I arrived early at the book launch and got opportunity to converse with the author Aparna Parinam, who is pharmacist by profession while cooking is her passion, so much so, that she has self published her book on chutney, preserving the traditional dishes of her family. The plus point of this book is that all her chutneys are pure vegetarian and they contain neither onions nor garlic. Good news for Brahmakumaris and Jains

I was there on a special invite by gracious Rushina Ghildiyal, who can churn out a new dish at a drop of a hat.

She brought to our notice that foodies are observing an ingredient of the month, where in the chefs around the city are trying and creating recipes on those ingredients during the month. Bananas and sea buckthorn are the chosen ingredients for this month and many chefs are creating dishes and have introduced them on their menu.. Rushina decided to demonstrate a new recipe using sea buckthorn and raspberry. She said that she was trying for the first time (having brought all the ingredients with her)  The result was marvellous....so very delicious that I was able to taste only a half teaspoon (why you may ask??...well because it was so yummy that it was licked off the plate before I could reach the table..i was busy clicking picture, you see)

Aparna Parinam demonstrated a chutney from her book.
you can find the recipe in her book on page no 103.



"Chana dhal chutney can be used as spread for the roti" she said. “This chutney does not need seasoning and all the ingredients need to be roasted. It goes well with idlis and dosas and has a shelf life of 2 to 3 days.” She added while churning the chutney in a thick paste.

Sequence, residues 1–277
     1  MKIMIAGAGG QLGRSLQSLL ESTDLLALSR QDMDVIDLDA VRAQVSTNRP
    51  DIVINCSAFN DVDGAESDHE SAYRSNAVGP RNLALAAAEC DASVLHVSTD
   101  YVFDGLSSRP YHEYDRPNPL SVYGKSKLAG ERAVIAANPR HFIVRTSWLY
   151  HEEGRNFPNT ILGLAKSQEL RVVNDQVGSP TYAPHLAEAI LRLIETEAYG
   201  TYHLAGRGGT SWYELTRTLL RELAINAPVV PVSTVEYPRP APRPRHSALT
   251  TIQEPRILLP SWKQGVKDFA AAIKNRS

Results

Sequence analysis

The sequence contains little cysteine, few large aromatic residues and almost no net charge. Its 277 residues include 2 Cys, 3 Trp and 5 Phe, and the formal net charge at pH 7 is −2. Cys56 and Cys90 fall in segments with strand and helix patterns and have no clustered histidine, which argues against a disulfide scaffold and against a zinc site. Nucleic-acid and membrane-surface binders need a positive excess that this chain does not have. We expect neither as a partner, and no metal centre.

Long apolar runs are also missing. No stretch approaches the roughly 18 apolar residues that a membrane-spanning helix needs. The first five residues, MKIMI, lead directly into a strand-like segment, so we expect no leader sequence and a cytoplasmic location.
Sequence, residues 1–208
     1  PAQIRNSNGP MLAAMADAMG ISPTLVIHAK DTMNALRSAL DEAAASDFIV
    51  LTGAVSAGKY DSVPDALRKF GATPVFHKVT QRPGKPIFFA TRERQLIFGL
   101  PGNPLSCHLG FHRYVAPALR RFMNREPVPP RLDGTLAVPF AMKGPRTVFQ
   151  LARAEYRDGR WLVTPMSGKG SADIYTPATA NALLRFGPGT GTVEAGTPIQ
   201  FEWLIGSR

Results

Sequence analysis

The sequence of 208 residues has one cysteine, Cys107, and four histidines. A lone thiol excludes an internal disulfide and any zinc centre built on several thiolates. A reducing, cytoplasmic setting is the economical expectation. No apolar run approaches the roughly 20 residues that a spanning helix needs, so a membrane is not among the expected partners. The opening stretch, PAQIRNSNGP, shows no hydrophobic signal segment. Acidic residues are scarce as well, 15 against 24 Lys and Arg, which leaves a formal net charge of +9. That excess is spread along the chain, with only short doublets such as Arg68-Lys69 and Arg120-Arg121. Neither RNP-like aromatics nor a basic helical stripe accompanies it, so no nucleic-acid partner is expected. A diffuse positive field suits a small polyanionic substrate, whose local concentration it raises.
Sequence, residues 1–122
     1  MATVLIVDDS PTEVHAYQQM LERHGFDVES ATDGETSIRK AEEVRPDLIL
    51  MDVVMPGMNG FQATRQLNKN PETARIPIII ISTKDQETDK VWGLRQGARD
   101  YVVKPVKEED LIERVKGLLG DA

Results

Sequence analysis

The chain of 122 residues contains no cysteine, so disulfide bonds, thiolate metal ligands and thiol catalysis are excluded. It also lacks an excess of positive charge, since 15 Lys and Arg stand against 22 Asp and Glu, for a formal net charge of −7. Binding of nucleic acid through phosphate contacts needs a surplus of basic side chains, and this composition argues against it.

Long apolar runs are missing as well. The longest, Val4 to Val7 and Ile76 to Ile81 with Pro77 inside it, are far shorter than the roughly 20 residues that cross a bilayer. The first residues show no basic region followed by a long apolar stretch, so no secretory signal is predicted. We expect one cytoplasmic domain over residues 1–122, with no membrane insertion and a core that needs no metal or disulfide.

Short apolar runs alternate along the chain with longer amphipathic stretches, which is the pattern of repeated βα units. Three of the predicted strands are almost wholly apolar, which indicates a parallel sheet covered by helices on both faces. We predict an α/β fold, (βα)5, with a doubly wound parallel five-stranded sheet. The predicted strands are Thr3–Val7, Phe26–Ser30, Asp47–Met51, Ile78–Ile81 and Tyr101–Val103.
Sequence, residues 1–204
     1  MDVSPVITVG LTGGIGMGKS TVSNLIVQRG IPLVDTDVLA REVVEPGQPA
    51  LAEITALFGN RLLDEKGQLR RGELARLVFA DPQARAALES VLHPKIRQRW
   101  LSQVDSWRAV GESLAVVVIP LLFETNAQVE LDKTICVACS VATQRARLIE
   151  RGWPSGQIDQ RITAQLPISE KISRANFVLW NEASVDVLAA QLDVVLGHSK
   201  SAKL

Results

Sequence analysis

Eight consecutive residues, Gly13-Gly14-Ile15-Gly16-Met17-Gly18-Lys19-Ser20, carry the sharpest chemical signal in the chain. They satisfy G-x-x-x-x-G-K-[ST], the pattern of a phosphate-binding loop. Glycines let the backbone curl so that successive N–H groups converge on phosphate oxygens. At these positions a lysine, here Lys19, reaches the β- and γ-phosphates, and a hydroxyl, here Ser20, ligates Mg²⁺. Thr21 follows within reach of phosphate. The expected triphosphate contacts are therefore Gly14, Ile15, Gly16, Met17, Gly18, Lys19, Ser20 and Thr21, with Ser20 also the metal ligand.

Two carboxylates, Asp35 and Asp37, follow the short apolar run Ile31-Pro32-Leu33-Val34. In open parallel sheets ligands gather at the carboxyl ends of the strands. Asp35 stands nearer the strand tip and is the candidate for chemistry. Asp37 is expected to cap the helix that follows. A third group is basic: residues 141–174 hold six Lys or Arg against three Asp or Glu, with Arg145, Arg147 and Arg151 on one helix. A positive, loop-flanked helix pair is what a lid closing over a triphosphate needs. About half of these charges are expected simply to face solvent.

Do buy her book. It can be a good addition to your recipe bookshelf and has great varieties that include all kinds of chutneys such as coconut based, Curd based, vegetable based, fruit based, seed based, nut based and pulses based recipes. There are some food memories too that makes it an interesting read.

However, you must be curious to learn about the recipe that Rushina demonstrated

Sea Buckthorn Raspberry Chutney



This recipe was done in two parts.

In part one

Pour oil in a pan and fry 1 cup chopped onions and 1tsp garlic. Stir fry till light brown. Add 2tbsp of jaggery, 1tsp sugar, 1tsp salt and 1 cup of sea buckthorn puree. Add 1tsp red chili powder. Cook till oil separates. Transfer in a serving dish filling half the dish.

Make part two

Pour oil in the pan and fry 1 cup chopped onions and 1tsp garlic. Fry till light brown. Add 1tsp rock salt, 1tsp sugar, 1tsp jaggery powder and 1 cup raspberry puree. Cook till oil separates and pour it in the bowl containing the first part.

Mix it lightly. Garnish with coriander leaves